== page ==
Anyone fancy a long-life beef stew? Or a vegetable frittata that dates back to August 2016? Thought not. But if Amazon has its way, this will be the new currency of the ready meal market.
According to recent reports, the online giant has teamed up with Denver-based startup 915 Labs to work on a food preparation method called “microwave-assisted thermal sterilisation”. Like all great foodie discoveries, it was pioneered as a means of feeding the US military (presumably when no proper food was available). Now Amazon wants to use this technology – which involves placing sealed packages of food in pressurised water and heating them in a microwave – to feed the masses. The technology purports to keep the food’s natural flavour, texture and nutrients for up to a year, with no need for refrigeration. Tasty.
It sounds like the kind of food that may prove popular after a nuclear apocalypse (which, to hand it to Amazon, is looking ever more likely). But if Donald Trump and Kim Jong-un don’t succeed in destroying life as we know it, the appeal is arguably more elusive.
Firstly, Amazon is tapping a declining market. In the past year, the canned and ambient category declined by 2.6% to just shy of £2.2bn [Kantar Worldpanel 52 w/e 31 March 2017], as consumers veer more and more towards the fresh aisles. Iceland has had a hard enough time convincing consumers that frozen is just as nutritious as fresh, so what chance does Amazon have in selling year-old frittatas?
Secondly, the idea seems at odds with the preferences of its high-end online grocery customers. Last week, Amazon revealed the top 10 foods ordered through its AmazonFresh service in the UK were all fresh (Fairtrade bananas, cucumber and avocados topped the list). Its foodie subscribers were particularly likely to buy into trends such as courgetti, watermelon water and sourdough bread.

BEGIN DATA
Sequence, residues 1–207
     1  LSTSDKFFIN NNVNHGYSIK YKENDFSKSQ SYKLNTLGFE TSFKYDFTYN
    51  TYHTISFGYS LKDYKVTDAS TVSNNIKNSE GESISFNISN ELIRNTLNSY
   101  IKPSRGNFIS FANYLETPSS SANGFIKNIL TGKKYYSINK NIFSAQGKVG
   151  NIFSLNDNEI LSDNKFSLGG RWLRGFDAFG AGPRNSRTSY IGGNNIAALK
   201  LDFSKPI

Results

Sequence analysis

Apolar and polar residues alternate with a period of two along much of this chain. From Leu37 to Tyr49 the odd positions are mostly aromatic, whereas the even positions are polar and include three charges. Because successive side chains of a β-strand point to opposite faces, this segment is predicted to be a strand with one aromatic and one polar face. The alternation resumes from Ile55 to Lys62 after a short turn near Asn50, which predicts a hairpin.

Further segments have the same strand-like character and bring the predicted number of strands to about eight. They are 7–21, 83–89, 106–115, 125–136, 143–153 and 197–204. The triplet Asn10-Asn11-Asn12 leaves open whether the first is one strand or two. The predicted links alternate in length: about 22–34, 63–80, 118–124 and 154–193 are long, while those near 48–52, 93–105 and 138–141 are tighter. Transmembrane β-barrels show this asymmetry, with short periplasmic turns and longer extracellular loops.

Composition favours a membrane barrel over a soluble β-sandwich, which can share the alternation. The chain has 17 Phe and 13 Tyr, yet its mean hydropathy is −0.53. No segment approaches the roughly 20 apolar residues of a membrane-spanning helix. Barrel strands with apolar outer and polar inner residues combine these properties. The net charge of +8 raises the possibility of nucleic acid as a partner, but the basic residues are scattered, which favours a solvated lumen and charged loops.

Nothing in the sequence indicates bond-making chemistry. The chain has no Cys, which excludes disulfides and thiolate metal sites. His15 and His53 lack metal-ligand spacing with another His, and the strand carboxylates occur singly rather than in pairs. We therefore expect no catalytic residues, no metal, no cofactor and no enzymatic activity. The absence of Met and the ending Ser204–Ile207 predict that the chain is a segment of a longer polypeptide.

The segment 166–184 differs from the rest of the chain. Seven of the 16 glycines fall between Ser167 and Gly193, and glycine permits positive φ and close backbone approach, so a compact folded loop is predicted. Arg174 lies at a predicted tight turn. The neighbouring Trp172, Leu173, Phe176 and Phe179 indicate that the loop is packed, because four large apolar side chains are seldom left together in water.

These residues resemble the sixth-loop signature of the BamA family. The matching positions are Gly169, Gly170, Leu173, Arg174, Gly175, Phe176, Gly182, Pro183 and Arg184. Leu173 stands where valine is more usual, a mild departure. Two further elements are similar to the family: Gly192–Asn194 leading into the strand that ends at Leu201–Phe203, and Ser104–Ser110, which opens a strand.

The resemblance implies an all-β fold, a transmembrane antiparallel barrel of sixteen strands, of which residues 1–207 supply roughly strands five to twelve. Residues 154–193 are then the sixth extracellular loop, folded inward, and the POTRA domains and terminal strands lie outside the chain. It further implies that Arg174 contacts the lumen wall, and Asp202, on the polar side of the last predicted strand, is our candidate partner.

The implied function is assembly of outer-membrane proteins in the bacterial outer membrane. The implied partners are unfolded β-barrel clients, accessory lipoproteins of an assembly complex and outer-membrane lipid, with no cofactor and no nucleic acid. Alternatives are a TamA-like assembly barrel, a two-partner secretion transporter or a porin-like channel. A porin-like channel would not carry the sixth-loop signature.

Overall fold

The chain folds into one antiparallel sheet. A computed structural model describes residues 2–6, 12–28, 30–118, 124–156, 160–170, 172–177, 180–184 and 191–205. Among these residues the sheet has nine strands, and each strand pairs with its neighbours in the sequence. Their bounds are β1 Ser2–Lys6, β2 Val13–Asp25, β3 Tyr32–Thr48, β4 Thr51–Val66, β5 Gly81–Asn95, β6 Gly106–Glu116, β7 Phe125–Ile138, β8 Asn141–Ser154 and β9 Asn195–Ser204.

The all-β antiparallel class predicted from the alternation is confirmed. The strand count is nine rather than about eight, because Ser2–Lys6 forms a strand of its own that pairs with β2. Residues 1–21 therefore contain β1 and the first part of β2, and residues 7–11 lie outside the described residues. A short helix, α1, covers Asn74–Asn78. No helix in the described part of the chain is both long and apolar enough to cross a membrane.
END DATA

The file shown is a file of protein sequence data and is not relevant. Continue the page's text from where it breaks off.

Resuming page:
For these urban hipsters, buying an ambient ready meal would presumably be only one sorry step away from ordering a Big Mac at an anti-capitalist protest washed down by a Starbucks Grande. In the US, AmazonFresh customers are similarly high end – as evidenced by their willingness to pay $19.99 for a salmon nicoise salad. (And let’s not forget that the year-long shelf life of the ready meals would bring more than a hint of irony to the AmazonFresh name.)
But perhaps we’re looking at this the wrong way. After all, the ambient nature of the meals means they need not be sold through the AmazonFresh channel. There would be nothing to stop Amazon peddling these on the main site, which offers one-hour or two-hour delivery through Prime Now. The option could appeal to the convenience-led consumer looking for a cheap alternative to a takeaway, rather than a loyal AmazonFresh foodie.
But, bar world-changing disasters, it seems unlikely microwave-assisted thermal sterilisation will be the food of the future.